Scott Monty

 

When you have kids, you naturally censor yourself when you're around them (or at least you try to - sometimes you just let an expletive slip out). But when you're in marketing, is there an obligation to keep it rated PG?

Racy ads, like some more mature prime time shows, have traditionally been reserved for after-bedtime hours. But with the advent of so many social media tools for sharing video content or photos, marketers can bet that their ads will pretty much been seen any time of the day.

The reason I bring this up is that there's a billboard campaign by the regional convenience store chain Sheetz that's created quite a stir. Evidently, a Harrisburg, PA family took a look at this billboard and balked, claiming it contained offensive language:


Having been raised in a household where the offending word was banned, I can understand how this might have ruffled a few feathers. They claim it's an approximation of another word that has an 'F' a 'C' and a 'K' in it. Whether you agree or not, you have to admit two things: (a) how pervasive foul (fowl?) language has become these days and (b) how easy it is to get more mature subjects into younger hands.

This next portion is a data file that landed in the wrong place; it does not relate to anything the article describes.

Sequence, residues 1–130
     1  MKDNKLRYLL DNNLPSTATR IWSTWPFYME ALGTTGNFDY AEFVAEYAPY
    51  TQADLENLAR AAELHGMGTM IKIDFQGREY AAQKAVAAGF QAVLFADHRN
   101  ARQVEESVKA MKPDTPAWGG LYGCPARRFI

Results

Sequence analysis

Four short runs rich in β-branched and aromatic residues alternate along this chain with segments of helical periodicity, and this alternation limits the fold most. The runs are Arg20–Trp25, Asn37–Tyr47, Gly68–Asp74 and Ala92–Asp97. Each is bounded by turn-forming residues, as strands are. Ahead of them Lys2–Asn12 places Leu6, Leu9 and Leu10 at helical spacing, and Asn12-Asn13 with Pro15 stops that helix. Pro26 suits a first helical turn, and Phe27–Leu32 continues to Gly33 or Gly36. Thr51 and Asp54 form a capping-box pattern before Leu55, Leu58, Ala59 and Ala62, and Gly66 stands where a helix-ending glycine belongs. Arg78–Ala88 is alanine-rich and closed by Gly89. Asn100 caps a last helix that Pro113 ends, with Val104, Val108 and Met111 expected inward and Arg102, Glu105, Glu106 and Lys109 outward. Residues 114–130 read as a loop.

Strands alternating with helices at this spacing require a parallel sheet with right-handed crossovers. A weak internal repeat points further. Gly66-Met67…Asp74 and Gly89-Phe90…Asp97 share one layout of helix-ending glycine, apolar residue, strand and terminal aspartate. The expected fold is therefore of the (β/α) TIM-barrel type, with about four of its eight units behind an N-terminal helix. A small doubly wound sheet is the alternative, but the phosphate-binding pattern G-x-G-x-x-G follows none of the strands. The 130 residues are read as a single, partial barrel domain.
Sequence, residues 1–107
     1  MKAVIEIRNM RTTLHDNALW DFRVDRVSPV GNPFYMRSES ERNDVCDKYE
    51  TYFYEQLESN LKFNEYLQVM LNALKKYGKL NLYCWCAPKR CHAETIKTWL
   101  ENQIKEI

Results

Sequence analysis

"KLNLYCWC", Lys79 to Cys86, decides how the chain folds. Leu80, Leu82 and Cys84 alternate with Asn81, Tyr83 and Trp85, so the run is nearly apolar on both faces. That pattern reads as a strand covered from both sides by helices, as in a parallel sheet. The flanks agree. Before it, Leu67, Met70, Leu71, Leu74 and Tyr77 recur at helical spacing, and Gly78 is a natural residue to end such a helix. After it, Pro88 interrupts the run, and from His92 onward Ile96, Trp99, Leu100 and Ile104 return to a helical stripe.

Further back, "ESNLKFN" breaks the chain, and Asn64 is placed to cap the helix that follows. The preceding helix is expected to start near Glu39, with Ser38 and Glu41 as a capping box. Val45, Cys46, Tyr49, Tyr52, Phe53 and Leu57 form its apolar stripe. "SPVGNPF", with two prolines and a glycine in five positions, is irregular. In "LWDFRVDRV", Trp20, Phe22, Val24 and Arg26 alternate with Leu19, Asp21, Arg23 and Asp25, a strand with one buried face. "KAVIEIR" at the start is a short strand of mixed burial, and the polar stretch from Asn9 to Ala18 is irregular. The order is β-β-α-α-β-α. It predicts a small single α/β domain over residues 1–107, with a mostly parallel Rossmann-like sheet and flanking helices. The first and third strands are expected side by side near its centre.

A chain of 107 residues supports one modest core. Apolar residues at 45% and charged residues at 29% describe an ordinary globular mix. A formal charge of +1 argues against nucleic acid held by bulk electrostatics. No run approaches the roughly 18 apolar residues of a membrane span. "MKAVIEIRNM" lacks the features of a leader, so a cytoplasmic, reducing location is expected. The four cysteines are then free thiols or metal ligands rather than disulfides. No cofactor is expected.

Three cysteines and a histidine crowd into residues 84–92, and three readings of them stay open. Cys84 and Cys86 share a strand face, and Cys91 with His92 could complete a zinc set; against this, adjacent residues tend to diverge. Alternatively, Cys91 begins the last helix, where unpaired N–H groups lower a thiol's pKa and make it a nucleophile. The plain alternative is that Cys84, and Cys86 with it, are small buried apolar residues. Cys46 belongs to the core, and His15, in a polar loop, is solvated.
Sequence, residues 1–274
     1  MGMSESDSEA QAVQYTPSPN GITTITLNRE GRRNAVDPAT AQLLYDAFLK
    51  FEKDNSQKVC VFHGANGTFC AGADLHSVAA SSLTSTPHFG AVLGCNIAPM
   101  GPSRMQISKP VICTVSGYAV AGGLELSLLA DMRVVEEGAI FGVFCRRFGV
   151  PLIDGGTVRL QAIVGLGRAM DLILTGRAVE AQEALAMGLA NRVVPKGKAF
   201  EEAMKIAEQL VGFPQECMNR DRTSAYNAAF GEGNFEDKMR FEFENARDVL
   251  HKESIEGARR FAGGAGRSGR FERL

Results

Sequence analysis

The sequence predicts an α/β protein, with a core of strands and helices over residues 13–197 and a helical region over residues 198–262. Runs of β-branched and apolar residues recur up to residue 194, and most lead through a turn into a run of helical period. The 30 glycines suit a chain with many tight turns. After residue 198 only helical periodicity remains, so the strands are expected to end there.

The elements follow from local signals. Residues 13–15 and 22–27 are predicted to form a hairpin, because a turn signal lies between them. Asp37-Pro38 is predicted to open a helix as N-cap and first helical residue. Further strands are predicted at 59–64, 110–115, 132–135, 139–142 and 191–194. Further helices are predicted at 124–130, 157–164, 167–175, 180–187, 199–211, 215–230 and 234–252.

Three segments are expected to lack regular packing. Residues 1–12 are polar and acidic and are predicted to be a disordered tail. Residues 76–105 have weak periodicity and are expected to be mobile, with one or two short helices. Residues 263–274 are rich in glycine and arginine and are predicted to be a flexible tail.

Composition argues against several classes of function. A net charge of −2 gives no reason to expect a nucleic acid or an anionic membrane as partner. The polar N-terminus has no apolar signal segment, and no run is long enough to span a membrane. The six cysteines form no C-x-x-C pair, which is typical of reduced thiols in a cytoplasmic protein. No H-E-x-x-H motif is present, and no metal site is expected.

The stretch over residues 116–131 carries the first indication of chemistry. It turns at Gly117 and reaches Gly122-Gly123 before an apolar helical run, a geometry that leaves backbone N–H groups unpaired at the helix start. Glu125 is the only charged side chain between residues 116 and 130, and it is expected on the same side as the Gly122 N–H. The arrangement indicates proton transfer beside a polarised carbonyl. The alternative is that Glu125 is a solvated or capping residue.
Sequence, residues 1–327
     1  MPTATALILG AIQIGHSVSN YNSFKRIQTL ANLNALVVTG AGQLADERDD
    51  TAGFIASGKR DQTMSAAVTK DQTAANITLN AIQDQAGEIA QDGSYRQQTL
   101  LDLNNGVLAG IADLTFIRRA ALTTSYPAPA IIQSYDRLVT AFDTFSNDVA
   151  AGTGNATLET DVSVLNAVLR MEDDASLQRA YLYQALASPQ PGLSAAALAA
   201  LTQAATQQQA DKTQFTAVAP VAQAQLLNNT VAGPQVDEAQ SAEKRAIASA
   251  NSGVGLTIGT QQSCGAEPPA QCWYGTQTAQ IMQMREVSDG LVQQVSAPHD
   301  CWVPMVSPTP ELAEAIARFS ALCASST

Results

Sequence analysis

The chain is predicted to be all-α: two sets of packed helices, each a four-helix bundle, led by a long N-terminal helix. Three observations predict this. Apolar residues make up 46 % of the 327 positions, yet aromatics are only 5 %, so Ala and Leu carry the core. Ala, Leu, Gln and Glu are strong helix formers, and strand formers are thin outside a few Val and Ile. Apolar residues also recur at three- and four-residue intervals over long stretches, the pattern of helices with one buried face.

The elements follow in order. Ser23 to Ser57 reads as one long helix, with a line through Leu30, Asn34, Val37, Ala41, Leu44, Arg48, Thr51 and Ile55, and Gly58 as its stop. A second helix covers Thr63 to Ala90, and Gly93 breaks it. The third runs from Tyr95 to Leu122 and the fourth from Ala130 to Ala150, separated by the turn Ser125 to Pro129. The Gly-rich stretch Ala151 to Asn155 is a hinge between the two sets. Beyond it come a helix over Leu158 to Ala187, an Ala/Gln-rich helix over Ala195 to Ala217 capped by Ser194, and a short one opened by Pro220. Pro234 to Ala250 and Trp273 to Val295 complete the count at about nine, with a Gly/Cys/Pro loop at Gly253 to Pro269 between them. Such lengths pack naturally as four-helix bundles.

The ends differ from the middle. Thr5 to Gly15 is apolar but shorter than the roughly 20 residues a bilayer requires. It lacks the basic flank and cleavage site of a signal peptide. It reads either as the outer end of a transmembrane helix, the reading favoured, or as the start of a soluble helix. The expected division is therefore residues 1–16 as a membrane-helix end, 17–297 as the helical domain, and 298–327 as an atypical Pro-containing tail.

Every website that contains a signup process, whether it's a social network, newsletter, etc. typically has language asking to verify that you're 13 years of age or older. This is in cooperation with the Children's Online Privacy Protection Act. But when we create portable or distributable content (to say nothing of billboards), there has to be some acknowledgment that this content, however edgy it may be, could end up in the hands of an unintended minor.

While I snickered at Sarah Silverman's "I'm F*cking Matt Damon" on late-night TV, it was quickly and widely distributed over the Web within days (current count of this version: over 7.8 million views). Jimmy Kimmel came up with the rejoinder in his equally as funny/disturbing "I'm F*cking Ben Affleck" (currently at just over 4 million views). So, this content isn't remaining in the sole domain of late-night viewing.

There are always going to be sensitive eyes & ears about any variety of things. The politically-correct movement is always trying to change our phraseology so no one gets offended, but the reality is, someone is always going to be offended by something. My question is: with the ease of syndication, embedded videos, and widgetized content, is their anything we can do to minimize the exposure of tiny eyes and ears to this stuff? Or is doesn't it matter any more?

As to the above, I guess this family won't be eating chicken fricassee any time soon. At least they won't be putting with with any more Sheetz. Maybe they'll be frickin' Jimmy Kimmel...

Whoops! Can I say that here?

Post a Comment

 
Top